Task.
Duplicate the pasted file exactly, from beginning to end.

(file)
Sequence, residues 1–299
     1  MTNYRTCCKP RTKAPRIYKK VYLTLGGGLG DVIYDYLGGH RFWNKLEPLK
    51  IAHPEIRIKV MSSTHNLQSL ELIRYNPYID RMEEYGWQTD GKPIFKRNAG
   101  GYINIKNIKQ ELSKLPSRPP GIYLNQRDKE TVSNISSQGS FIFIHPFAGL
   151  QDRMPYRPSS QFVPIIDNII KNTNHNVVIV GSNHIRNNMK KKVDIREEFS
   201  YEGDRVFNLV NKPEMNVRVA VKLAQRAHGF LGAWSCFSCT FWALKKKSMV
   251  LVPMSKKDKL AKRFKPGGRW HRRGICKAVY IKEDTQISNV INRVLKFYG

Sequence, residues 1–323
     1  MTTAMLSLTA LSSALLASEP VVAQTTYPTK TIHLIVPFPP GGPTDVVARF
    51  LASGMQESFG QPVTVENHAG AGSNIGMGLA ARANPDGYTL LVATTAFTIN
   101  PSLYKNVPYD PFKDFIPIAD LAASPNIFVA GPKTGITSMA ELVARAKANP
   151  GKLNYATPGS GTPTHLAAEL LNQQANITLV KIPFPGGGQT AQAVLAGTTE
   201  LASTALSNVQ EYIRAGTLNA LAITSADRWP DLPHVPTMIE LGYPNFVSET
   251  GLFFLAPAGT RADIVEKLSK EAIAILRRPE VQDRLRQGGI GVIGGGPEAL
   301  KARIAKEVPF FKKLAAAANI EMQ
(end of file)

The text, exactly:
Sequence, residues 1–299
     1  MTNYRTCCKP RTKAPRIYKK VYLTLGGGLG DVIYDYLGGH RFWNKLEPLK
    51  IAHPEIRIKV MSSTHNLQSL ELIRYNPYID RMEEYGWQTD GKPIFKRNAG
   101  GYINIKNIKQ ELSKLPSRPP GIYLNQRDKE TVSNISSQGS FIFIHPFAGL
   151  QDRMPYRPSS QFVPIIDNII KNTNHNVVIV GSNHIRNNMK KKVDIREEFS
   201  YEGDRVFNLV NKPEMNVRVA VKLAQRAHGF LGAWSCFSCT FWALKKKSMV
   251  LVPMSKKDKL AKRFKPGGRW HRRGICKAVY IKEDTQISNV INRVLKFYG

Sequence, residues 1–323
     1  MTTAMLSLTA LSSALLASEP VVAQTTYPTK TIHLIVPFPP GGPTDVVARF
    51  LASGMQESFG QPVTVENHAG AGSNIGMGLA ARANPDGYTL LVATTAFTIN
   101  PSLYKNVPYD PFKDFIPIAD LAASPNIFVA GPKTGITSMA ELVARAKANP
   151  GKLNYATPGS GTPTHLAAEL LNQQANITLV KIPFPGGGQT AQAVLAGTTE
   201  LASTALSNVQ EYIRAGTLNA LAITSADRWP DLPHVPTMIE LGYPNFVSET
   251  GLFFLAPAGT RADIVEKLSK EAIAILRRPE VQDRLRQGGI GVIGGGPEAL
   301  KARIAKEVPF FKKLAAAANI EMQ